David gives the English average as 56.7%.  My result is 57.1%

Basal-rich

The Basal Eurasians are a hypothetical "ghost" population derived from DNA studies.  It is suggested that they splintered from other modern humans 45,000 years ago, presumably outside of Africa, somewhere around the Middle East.  They significantly contributed DNA to the Early Neolithic Farmers of the Fertile Crescent and Anatolia, and consequently, on to all of us modern West Eurasians.  

 David gives the English average as 26.5%.  My result is 28.8%

Ancient North Eurasian

Another Ice Age hunter-gatherer "Ghost" population, but this one has been associated with human remains and an Upper Palaeolithic culture (Mal'ta-Buret') at Lake Baikal, Siberia.  We know that it significantly contributes to modern West Eurasians, through earlier admixture on the Eurasian Steppes.  Copper Age pastoralists then carried it westwards into Europe with their later expansion.

David gives the English average as 16.6%.  My result is 14.0%

Neolithic and Bronze Age mix ancestry

My Y line at this time as we have seen, may well been Early Neolithic Farmers in the Fertile Crescent of Mesopotamia.  My mtDNA line would have most likely have been women of the Yamnaya culture on the Eurasian Steppes, in Copper Age pastoralist tribes.

Global 10 Test

The recent Global 10 test, run by my friend Helgenes50 of the Anthrogenica board, resulted in:

  • 55% Baalberge_MN (European Middle Neolithic)
  • 38% Yamna_Samara (Eurasian Steppe Pastoralist)
  • 7% Loschbour:Loschbour (Late Eurasian hunter-gatherer)

That is 55% European Neolithic Farmer, 38% Yamnaya Steppe Pastoralist, and 7% European hunter-gatherer.

Alternatively, the FT-DNA test, although many in the population genetics community feel that it is unreliable:

FT-DNA My Ancient Origins

  • 9% Metal Age Invader
  • 47% Farmer
  • 44% Hunter-Gatherer
  • 0% Non European

GEDMatch Ancient Calculators

My MDLP K16 Modern Admixture
  • 31% Neolithic (modeled on genomes of first neolithic farmers of Anatolia)
  • 25% Northeast European (ancestry in North-Eastern Europe based on older type of ancestry (WHG, west European Hunter-Gatherer)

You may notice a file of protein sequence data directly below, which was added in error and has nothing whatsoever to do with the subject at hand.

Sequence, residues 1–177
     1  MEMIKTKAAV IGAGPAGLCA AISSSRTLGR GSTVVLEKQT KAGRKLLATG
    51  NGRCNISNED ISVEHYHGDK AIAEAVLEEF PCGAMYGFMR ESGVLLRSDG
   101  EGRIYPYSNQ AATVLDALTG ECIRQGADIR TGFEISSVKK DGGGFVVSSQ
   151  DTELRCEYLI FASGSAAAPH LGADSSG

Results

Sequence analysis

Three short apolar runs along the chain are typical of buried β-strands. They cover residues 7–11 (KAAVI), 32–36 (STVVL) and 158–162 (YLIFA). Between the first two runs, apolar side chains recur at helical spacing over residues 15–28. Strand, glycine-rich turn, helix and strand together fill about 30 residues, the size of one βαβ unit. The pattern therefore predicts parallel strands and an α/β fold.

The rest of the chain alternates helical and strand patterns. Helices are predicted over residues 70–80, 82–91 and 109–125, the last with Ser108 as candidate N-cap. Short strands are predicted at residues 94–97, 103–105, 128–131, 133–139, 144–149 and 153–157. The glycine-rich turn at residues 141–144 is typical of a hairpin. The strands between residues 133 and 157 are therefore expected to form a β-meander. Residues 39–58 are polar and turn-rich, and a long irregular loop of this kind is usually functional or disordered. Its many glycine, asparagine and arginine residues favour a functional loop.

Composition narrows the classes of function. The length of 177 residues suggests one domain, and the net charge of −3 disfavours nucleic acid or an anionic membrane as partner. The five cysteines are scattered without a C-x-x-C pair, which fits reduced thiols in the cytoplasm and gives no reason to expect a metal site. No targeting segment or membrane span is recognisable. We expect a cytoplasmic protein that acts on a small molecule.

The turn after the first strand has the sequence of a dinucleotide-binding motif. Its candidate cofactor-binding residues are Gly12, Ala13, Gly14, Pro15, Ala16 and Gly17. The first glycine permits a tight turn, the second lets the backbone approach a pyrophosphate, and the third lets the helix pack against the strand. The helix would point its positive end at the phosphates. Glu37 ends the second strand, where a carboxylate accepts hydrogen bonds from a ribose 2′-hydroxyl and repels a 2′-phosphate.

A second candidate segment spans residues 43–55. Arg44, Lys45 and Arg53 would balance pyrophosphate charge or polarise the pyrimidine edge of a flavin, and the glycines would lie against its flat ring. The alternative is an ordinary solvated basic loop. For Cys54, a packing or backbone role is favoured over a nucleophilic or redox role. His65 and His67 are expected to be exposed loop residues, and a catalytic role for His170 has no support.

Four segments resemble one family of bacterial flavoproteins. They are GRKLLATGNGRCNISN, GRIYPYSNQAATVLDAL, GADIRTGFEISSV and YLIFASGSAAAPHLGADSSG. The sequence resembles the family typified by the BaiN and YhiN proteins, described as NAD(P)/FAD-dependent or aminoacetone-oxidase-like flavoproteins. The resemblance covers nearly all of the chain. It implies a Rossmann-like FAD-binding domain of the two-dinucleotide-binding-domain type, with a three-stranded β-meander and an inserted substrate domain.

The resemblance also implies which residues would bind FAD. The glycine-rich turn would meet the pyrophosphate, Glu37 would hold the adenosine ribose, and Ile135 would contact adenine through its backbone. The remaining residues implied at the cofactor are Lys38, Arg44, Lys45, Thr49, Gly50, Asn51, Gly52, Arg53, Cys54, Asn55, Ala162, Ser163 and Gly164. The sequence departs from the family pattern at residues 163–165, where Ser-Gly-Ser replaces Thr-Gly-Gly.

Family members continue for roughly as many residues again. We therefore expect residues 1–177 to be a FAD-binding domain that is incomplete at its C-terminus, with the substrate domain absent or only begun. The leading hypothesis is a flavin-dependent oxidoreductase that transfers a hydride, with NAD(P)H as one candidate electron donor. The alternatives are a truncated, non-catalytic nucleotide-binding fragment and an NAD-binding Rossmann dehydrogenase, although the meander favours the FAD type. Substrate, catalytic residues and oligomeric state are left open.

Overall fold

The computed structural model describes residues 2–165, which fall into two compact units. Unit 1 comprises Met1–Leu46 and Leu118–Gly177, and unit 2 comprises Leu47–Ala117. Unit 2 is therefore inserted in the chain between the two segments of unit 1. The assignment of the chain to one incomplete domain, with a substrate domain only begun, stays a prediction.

• 22% Steppe (sourced from ancient genome of European Bronze Age pastoralists)
  • 22% Caucasian (derived from genomes of mesolithic Caucasian Hunter-gatherers)

My Eurasia K9 ASI Oracle:

  • 39% Western Hunter-Gatherer
  • 27% Early Neolithic Farmer
  • 15% Eastern Hunter-Gatherer
  • 12% Caucasus Hunter-Gatherer
  • 7% SW Asian
  • 1% Siberian East Asian

My MDLP Modern K11 Oracle:

Admix Results (sorted):


# Population Percent
1 Neolithic 37.33
2 WHG 33.26
3 EHG 23.19
4 Iran-Mesolithic 3.25
5 Basal 2.66

Least-squares method.

Using 1 population approximation:
1 British_Celtic @ 6.948432
2 Bell_Beaker_Germany @ 8.143357
3 Alberstedt_LN @ 8.426399
4 British_IronAge @ 9.027687
5 Halberstadt_LBA @ 10.273615
6 Bell_Beaker_Czech @ 12.190828
7 Hungary_BA @ 12.297826
8 Nordic_MN_B @ 12.959966
9 British_AngloSaxon @ 12.993559
10 Nordic_BA @ 13.170285

Using 4 populations approximation:
1 Bell_Beaker_Germany + Bell_Beaker_Germany + Corded_Ware_Germany + Hungary_CA @ 1.085814
2 BenzigerodeHeimburg_LN + BenzigerodeHeimburg_LN + Corded_Ware_Estonia + Hungary_CA @ 1.089547
3 Alberstedt_LN + Bell_Beaker_Germany + Corded_Ware_Germany + Hungary_CA @ 1.117882
4 Bell_Beaker_Germany + BenzigerodeHeimburg_LN + Hungary_CA + Srubnaya_LBA @ 1.149613
5 Bell_Beaker_Germany + British_IronAge + Hungary_CA + Karsdorf_LN @ 1.185312
6 Alberstedt_LN + BenzigerodeHeimburg_LN + Hungary_CA + Sintashta_MBA @ 1.226794
7 Nordic_BattleAxe + Hungary_BA + Hungary_CA + Karsdorf_LN @ 1.234930
8 Nordic_BattleAxe + BenzigerodeHeimburg_LN + Hungary_CA + Unetice_EBA @ 1.238376
9 Alberstedt_LN + Hungary_BA + Hungary_CA + Yamnaya_Samara_EBA @ 1.247371
10 Bell_Beaker_Germany + Hungary_CA + Nordic_LN + Srubnaya_LBA @ 1.268124

My Gedrosia K15 Oracle:

  • 40% Western Hunter-Gatherer
  • 25% Early European Farmer
  • 21% Caucasus
  • 5% Burusho
  • 5% SW Asian
  • 3% Balochi
  • 1% Siberian

Ancient Eurasia K6 Oracle:

  • 40% West European Hunter-Gatherer
  • 39% Natufian
  • 21% Ancient North Eurasian
  • 1% East Asian

Visit to Lowestoft Record Office

Image above taken yesterday of St Michael's Church, South Elmham Saints villages, Suffolk.

The Barber Family of St Michael, South Elmham, Suffolk

I recently found evidence that my ancestor, 3xgreat grandfather Robert Barber of St Michael, may have been the Robert Barber of Suffolk that was transported in 1844.

I also made contact via GEDmatch, with the owner of a sample that shares 56 centiMorgans of DNA with my sample, including a 27 centiMorgan segment.  It is all on my late father's side.  This is by far the most significant DNA match that I have yet encountered on GEDmatch.  Email correspondence with the owner (Margaret), revealed that we share a paper trail, with the Barber Family of St Michael.